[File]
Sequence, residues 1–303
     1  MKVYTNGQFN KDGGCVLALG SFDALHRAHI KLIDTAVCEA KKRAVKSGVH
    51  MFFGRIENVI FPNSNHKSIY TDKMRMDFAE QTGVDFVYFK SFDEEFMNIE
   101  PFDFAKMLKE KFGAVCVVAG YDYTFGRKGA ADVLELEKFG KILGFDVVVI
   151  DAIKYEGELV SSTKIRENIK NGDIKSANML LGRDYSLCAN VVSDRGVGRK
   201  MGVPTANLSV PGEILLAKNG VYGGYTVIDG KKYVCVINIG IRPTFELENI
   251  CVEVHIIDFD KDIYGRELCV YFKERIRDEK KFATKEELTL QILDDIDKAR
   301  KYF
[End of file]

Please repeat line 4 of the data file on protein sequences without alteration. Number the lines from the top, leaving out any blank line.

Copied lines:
   101  PFDFAKMLKE KFGAVCVVAG YDYTFGRKGA ADVLELEKFG KILGFDVVVI